AUSTIN (KXAN) — The United States Supreme Court rejected Rodney Reed’s petition on Monday for further DNA testing of crime scene evidence that Reed said could prove his innocence.
Reed, who was sentenced to death in the 1996 Bastrop County murder and sexual assault of Stacey Stites, has continually maintained his innocence. Reed’s execution was paused just days before he was set to be put to death in 2015.
Bryce Benjet, Reed’s attorney, said his team hoped the Supreme Court would immediately take up the constitutional issues raised by the rejection of DNA testing, but there is a separate civil action that can be taken in U.S. District Court for federal review of DNA.
“We intend to pursue this remedy in the federal courts so that this important evidence can finally be tested,” Benjet said Monday in a statement.
In his denied petition to the Supreme Court, called a writ of certiorari, Reed argued for further DNA testing of evidence, such as the belt used to strangle Stites. The Texas Court of Criminal Appeals had already rejected Reed’s request for such testing, but Reed’s defense said that rejection violated his due process rights and rights to access to the courts.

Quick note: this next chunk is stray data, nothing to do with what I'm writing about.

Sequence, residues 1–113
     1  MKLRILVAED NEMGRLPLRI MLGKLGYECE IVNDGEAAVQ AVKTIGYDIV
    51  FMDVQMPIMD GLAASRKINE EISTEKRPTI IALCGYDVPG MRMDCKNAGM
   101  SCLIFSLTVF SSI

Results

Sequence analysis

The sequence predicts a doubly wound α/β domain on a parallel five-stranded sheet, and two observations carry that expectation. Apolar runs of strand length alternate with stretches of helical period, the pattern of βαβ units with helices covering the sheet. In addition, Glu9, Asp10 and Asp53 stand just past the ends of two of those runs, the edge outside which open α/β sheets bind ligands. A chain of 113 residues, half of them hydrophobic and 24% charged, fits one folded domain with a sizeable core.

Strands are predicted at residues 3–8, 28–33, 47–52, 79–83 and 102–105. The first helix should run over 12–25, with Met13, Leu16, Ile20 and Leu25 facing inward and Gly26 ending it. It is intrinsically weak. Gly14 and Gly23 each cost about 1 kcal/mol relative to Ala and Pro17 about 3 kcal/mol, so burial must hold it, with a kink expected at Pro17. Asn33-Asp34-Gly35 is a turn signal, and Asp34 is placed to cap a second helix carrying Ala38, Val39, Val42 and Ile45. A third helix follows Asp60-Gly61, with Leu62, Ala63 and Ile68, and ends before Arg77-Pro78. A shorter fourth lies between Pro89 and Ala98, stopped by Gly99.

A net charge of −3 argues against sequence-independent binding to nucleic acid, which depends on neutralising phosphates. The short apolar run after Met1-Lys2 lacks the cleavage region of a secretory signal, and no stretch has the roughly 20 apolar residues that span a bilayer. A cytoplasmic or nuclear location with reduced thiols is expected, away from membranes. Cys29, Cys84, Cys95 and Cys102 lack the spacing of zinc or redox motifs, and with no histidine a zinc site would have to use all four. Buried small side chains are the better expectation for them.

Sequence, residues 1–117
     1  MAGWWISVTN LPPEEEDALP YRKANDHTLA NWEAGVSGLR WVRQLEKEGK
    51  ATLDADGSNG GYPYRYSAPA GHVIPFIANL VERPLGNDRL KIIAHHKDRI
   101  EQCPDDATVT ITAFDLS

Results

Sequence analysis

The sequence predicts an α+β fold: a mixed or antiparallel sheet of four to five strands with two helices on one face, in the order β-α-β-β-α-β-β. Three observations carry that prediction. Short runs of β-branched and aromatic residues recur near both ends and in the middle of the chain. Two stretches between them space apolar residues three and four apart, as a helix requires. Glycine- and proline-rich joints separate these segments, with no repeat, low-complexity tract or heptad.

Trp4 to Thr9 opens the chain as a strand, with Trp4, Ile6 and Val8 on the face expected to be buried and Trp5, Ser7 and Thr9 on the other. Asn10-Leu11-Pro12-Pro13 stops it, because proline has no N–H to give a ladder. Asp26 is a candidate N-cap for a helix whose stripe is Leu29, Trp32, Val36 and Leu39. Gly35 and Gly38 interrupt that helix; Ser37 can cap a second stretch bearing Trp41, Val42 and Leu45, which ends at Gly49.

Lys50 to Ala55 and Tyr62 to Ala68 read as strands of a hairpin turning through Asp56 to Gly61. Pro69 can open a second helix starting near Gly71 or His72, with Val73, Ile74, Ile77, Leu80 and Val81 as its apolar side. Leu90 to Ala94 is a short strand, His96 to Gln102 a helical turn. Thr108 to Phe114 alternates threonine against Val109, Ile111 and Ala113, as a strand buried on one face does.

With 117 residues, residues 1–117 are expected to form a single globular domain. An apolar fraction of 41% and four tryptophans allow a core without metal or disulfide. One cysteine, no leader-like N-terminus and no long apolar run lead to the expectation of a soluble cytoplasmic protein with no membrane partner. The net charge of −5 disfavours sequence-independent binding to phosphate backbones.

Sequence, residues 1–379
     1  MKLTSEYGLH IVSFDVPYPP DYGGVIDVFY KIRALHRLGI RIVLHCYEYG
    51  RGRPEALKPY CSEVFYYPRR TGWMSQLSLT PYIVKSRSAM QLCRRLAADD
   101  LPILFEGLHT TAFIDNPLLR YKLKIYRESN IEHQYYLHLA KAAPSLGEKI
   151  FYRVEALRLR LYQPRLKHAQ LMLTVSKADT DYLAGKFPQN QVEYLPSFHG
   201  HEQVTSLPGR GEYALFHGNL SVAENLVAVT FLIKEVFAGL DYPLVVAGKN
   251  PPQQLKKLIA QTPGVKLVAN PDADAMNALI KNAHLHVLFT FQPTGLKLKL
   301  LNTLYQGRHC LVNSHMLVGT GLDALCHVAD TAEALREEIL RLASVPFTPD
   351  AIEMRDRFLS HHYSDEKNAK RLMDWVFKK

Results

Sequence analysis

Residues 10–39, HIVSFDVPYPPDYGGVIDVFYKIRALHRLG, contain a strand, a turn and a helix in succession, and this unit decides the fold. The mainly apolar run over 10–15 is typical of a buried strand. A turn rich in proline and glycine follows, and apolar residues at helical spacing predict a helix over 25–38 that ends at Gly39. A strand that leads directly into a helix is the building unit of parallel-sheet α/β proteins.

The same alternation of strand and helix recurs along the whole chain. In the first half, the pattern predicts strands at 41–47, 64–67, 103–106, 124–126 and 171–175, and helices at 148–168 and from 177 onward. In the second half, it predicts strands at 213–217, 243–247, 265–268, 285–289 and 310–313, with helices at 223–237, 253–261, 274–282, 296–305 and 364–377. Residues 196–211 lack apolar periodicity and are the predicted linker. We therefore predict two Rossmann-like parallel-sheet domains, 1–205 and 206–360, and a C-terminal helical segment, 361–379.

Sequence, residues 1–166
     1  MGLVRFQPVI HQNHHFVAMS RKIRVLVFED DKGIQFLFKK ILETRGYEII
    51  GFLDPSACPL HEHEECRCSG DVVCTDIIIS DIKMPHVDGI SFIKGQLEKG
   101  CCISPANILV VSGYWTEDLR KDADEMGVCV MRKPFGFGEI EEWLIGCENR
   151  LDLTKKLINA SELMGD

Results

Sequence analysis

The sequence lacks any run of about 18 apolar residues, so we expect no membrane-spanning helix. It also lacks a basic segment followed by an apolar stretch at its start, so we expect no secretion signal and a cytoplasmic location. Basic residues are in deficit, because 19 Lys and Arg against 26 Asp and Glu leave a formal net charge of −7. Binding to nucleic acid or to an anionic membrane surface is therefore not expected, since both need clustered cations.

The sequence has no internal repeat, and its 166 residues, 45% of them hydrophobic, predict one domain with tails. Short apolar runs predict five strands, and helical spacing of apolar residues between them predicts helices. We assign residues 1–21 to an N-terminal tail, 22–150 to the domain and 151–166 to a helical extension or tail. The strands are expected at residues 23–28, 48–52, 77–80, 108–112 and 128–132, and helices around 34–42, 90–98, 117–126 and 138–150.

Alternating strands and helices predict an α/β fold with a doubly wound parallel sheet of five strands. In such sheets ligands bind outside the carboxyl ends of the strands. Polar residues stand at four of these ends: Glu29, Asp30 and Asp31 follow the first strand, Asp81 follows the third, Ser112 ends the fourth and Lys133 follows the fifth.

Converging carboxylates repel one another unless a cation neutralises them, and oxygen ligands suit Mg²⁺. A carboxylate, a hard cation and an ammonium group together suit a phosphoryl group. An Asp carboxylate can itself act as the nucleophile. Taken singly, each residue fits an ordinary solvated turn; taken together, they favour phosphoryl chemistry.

In their appeal to the Supreme Court, Reed’s defense said the Texas Court of Criminal Appeals used an “unfair and novel interpretation” of the chain of custody requirement that included a “lack of contamination element” that does not appear in the criminal code, according to the petition.
The defense also said the state used an “arbitrary and fundamentally unfair interpretation” of the criminal code’s “unreasonable delay” element, which says a court may grant DNA testing so long as the request is not made to delay the execution of a sentence or administration of justice. Reed’s defense argued he has not tried to unreasonably delay proceedings, and he sought DNA testing in 1999 and 2014, according to the petition.
For years Reed has pointed to Stites’ former fiancé, Jimmy Fennell, as the likely killer. Fennell was sentenced to 10 years in prison in 2008 for a separate, unrelated crime. As a Georgetown police officer, Fennell was accused of raping a woman in his custody. He pleaded guilty to kidnapping and improper sexual activity with a person in custody and was released from prison on parole in March.